Kathleen Kennedy already had her hands full getting a new trilogy of "Star Wars" films and related spinoffs off the ground at Disney. Now the Lucasfilm chief also has Indiana Jones to manage.
Disney on Friday announced that it has paid Paramount for the rights to market and release future films in the "Indiana Jones" franchise. Paramount will continue to generate revenue through the distribution of the first four pics in the series. Studio will also earn a fee from the release of new Indy titles, the way it collected considerable coin from "The Avengers" and "Iron Man 3," even through Disney released those movies.
Paramount's Super Payoff for 'Iron Man 3â²
When the studio bought Lucasfilm last year for $4 billion, Disney chief Bob Iger said that while Indiana Jones was part of the acquisition, there were still "some encumbrances" in how it could make money from the adventurer. That included future films, given that Paramount controlled the rights to them at the time. The franchise had earned $1.9 billion to date.
And with a character like Indy, films are seen as the key in driving interest in everything else that involves the character.
Now that he's officially in the Mouse House, here's what Disney might have planned for the near future:
FILMS: While Disney has yet to officially announce a fifth film just yet, the Paramount deal now all but guarantees one is coming. Whether that's a traditional sequel or a complete reboot remains to be seen. It's now up to Harrison Ford, Steven Spielberg and George Lucas to let Disney know whether they want to continue with the saga.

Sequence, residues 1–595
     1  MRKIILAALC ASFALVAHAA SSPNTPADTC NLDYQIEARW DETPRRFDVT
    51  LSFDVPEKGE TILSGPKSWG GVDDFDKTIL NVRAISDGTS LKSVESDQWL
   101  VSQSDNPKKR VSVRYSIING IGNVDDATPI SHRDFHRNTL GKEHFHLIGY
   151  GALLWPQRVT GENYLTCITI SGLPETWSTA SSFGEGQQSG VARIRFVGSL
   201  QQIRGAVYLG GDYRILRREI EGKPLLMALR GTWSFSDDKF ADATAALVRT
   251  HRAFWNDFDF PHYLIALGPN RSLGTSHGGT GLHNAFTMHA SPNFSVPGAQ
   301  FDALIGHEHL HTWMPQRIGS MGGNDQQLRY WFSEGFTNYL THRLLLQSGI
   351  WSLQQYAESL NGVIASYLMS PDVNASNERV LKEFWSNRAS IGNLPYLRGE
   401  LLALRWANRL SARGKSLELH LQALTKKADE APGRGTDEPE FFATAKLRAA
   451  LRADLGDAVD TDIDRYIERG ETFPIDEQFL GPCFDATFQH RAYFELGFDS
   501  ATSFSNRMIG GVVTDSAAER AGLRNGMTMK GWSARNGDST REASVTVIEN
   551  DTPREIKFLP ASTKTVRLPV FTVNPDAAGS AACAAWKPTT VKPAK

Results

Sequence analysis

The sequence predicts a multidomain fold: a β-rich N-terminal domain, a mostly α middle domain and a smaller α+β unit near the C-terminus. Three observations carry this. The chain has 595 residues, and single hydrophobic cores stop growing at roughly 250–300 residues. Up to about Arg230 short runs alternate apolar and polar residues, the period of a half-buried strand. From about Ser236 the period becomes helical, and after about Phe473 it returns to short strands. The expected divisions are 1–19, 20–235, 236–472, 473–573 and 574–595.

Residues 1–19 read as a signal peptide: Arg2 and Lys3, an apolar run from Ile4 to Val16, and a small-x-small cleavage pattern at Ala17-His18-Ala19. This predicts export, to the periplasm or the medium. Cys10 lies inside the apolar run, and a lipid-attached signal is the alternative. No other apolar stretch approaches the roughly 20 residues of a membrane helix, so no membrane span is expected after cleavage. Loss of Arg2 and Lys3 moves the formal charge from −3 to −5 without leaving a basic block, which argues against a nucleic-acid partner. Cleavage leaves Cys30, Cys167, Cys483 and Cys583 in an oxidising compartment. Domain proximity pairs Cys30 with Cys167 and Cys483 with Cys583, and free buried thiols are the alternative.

TV SHOWS: It's not unlikely that Disney already is considering ways to adapt Indiana Jones into a family action series for ABC, Disney XD or Netflix the way it's promoting Marvel's superheroes on those channels and the streaming service.
CONSUMER PRODUCTS: There's Indy's signature whip and hat, and Disney's consumer products arm will now be able to exploit other ways to bring the film franchise to life through toys, books, apparel and other merchandise that. Lego had already produced a line of playsets around "Indiana Jones and the Kingdom of the Crystal Skull."
VIDEO GAMES: Lucasfilm will now look to broker licensing deals with publishers to produce new games featuring the character the way it's done with "Star Wars" and Electronic Arts. TT Games already had produced two "Indiana Jones"-themed Lego games.
SEE ALSO: 'Star Wars' Video Games to be Treated as Their Own Franchises by Lucasfilm, EA
THEME PARK ATTRACTIONS: Indy already has a presence in Disney's theme parks through a pre-existing relationship with Lucas, which also added "Star Wars" to the parks through "Star Tours." There's a version of the "Indiana Jones Adventure" ride at Disneyland and Tokyo DisneySea, while Orlando's Hollywood Studios has the "Indiana Jones Epic Stunt Spectacular" show. But a new film (and franchise ownership) will enable Disney's Imagineers to think up new thrills for guests to experience.
Longtime "Indiana Jones" franchise producer Frank Marshall may have said that he believed "Indiana Jones and the Kingdom of the Crystal Skull" was "the last hurrah" for the series, but Disney's latest move signals that Lucasfilm's archeologist hasn't gone on his final adventure just yet.
What the Future of Indiana Jones Could Look Like at Disney
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